Camp’s jars come packed with pre-measured ingredients like dehydrated fruits, vegetables, herbs, cinnamon sticks, citrus-infused sugar and spices. So, all you need to do is add alcohol, steep, shake, strain and drink, according to Rhonda Stringfellow, co-founder of Camp Craft Cocktails.
“Our kits are one-stop,” Stringfellow says.
In addition to their simplicity, infusion kits also make for a low-waste drink option, according to Rachel Garcia, who carries Camp’s jars at her shop, Dry Goods Refillery, a zero-waste, plastic-free store in Maplewood, New Jersey.
“You don’t need to be running around buying a bunch of different ingredients,” says Garcia, which might go bad in a forgotten fridge corner or end up collecting dust on a bar cart.
Garcia also loves that kits like these can be infused twice and make up to 20 drinks. By the time she’s composted any of the jar’s leftover contents and repurposed the vessel at home or in her store, she says, “I’ve wasted nothing.”
Plus, due to the novel coronavirus pandemic, going out to bars and restaurants or embarking on an impromptu trip to the store for specialty drink ingredients isn’t always safe or possible.
But with the kits, “I have all the things I need for a delicious cocktail at home, right at my fingertips,” says Garcia.
Other small businesses are offering creative takes on cocktail infusions, from jumbo-sized jars to refill packs. Here are some brands that offer opportunities for celebrating (or coping) at home, simply and sustainably. All you need to do is supply the alcohol.
Camp Craft Cocktails
Along with classics like Bloody Marys and cranberry martinis, Camp sells original creations such as Sweater Weather, with ginger root, vegan marshmallows, whole cinnamon and more. All you need to add is alcohol (they suggest tequila). You could also try the Aromatic Citrus, with dehydrated oranges, rosemary, thyme and bitters-infused sugar. You can also check out their Pineapple Jalapeño.
Stringfellow says she and co-founder Suzanah Raffield have seen a huge uptick in demand especially for their ‘Summer Camp’ jars, gallon-sized kits that serve 64, throughout Covid-19.
“People are looking for ways to serve something that feels or tastes like what you would go out to get,” Stringfellow says.
And while customers can use Camp’s recipe recommendations to jazz up a kit, just the alcohol and some juice or tonic works, too, according to Stringfellow.$30 Etsy
At home in Queens, New York, during the pandemic, Argentina Flores turned to family recipes for herbal teas and fruit infusion blends.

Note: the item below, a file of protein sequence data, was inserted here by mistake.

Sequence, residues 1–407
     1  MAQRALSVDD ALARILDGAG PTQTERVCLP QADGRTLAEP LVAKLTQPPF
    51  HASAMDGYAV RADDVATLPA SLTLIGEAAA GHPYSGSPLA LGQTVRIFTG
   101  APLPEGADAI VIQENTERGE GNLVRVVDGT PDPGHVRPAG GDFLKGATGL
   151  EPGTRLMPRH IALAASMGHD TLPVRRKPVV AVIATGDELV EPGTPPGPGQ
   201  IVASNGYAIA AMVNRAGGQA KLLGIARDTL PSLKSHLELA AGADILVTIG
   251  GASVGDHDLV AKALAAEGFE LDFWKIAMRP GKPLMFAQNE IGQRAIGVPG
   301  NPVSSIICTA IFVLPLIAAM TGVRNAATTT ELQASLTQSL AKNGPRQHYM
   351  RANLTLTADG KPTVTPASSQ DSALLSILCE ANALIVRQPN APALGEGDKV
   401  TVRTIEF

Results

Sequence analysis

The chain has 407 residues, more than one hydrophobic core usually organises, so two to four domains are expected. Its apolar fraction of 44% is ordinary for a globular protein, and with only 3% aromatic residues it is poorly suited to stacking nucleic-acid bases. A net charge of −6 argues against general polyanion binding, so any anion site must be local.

These juices and remedies, taught to her by her grandmother, a native of the Dominican Republic, rely heavily on the island’s tropical fruits and abundant herbs.
Wanting to share these flavors and her heritage, in the form of alcohol or zero-proof cocktails, Flores launched Mix’d Roots in October.
While Spicy Margarita, Sangria and Island Punch are top sellers, Flores says she has been blown away by the response to her preservative-free fruit and spice infusion kits overall—a month in, she had to move operations out of her home into a commercial kitchen space.
Besides building the budding Mix’d Roots community, Flores says sustainability is top of mind for her. Each glass jar can make up to 8–10 drinks and be infused twice. Flores also suggests customers ditch a straw and repurpose their jars. She’s also seen people reuse the infused ingredients as garnishes.$Varies Mix’d Roots
One Part Co.
This compact size means fewer bottles of mixers and drink supplies and less waste, according to Andrew Hellman, One Part Co.’s CEO and co-founder. You can shop by spirit, and split your order to send packs to friends, too; a single $8 pack makes six to nine drinks.
Once giftees have received their cocktail packs, they won’t have to wait long: One Part’s infusions steep in a few hours, unlike other infusion kits that often need a few days before they’re ready to drink.$Varies Food52
Hannah Matthew Martinez and Hannah Brock Silva wanted fun, flavorful drinks without a ton of added sugar. So they created Salut, infusion kits made with antioxidant-rich and mostly organic ingredients.
Salut is also focused on what its kits don’t include, which are any refined sweeteners—Salut’s blends use monkfruit powder instead. Glass bottles and recyclable packaging are a priority for the duo.
The company wants customers to know the blends work just as well with alcohol or wine as they do with water, sparkling water, or coconut water.$Varies Salut
As a mother of four, Ashleigh Evans knows plenty about being busy.
So, Evans, who’s blogged about food for over a decade, understood when viewers of her easy cocktail tutorial videos still found making drinks at home to be too much effort. To make things as effortless as possible, she started InBooze a little over two years ago.
Evans’ kits include fruits, spices and herbs from primarily local and organic farms.
Evans says she uses every part of these fruits and vegetables to minimize waste, and the infusion bag itself is compostable.$Varies Etsy
Aged & Infused
Chicago-based Aged & Infused’s products are designed to be used repeatedly, says co-founder Jess Feller. Kits come with ingredients ranging from dehydrated apples and raspberries, to candied ginger, cardamom and dried rose petals. And all ingredients are packaged inside a 16-ounce jar that has a built-in spout for pouring, so there’s no straining required once it’s done infusing. They also come with recipes.
Want to try more than one flavor or reuse the bottle for another batch? Aged & Infused sells refill packs, too.$32–$49 Food52